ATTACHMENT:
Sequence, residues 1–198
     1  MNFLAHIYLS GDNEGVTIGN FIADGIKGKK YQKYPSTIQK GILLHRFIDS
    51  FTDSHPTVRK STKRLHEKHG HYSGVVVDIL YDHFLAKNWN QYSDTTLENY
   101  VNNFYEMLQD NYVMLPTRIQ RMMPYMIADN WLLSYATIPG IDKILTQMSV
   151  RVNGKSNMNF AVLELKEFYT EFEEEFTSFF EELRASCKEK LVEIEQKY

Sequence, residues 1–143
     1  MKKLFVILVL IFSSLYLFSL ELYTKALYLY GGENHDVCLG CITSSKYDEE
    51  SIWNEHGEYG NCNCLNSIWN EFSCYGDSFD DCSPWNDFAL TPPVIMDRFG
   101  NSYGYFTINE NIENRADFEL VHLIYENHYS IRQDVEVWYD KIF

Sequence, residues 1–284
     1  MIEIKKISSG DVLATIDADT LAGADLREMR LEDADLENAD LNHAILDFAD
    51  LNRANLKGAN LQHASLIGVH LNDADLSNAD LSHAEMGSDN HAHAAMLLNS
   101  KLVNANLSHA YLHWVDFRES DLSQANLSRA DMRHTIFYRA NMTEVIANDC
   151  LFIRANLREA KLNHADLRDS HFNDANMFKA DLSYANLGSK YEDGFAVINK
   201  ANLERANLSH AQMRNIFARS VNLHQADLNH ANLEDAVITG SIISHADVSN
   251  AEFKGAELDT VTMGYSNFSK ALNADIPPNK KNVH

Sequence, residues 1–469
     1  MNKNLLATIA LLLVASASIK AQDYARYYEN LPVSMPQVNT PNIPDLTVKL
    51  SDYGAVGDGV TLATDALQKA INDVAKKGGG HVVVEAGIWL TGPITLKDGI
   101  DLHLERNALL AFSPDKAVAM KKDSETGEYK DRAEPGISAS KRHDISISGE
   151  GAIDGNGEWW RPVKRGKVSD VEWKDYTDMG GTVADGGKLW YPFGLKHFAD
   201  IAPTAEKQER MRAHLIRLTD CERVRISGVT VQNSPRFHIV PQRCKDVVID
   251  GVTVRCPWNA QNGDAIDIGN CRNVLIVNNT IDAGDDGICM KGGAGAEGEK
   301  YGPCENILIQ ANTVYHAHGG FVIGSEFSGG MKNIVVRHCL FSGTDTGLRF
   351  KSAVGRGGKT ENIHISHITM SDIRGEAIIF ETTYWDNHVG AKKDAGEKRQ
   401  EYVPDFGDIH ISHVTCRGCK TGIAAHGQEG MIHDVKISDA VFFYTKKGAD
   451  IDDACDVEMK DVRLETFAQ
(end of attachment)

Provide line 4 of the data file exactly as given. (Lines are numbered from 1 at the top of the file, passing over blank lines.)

   101  VNNFYEMLQD NYVMLPTRIQ RMMPYMIADN WLLSYATIPG IDKILTQMSV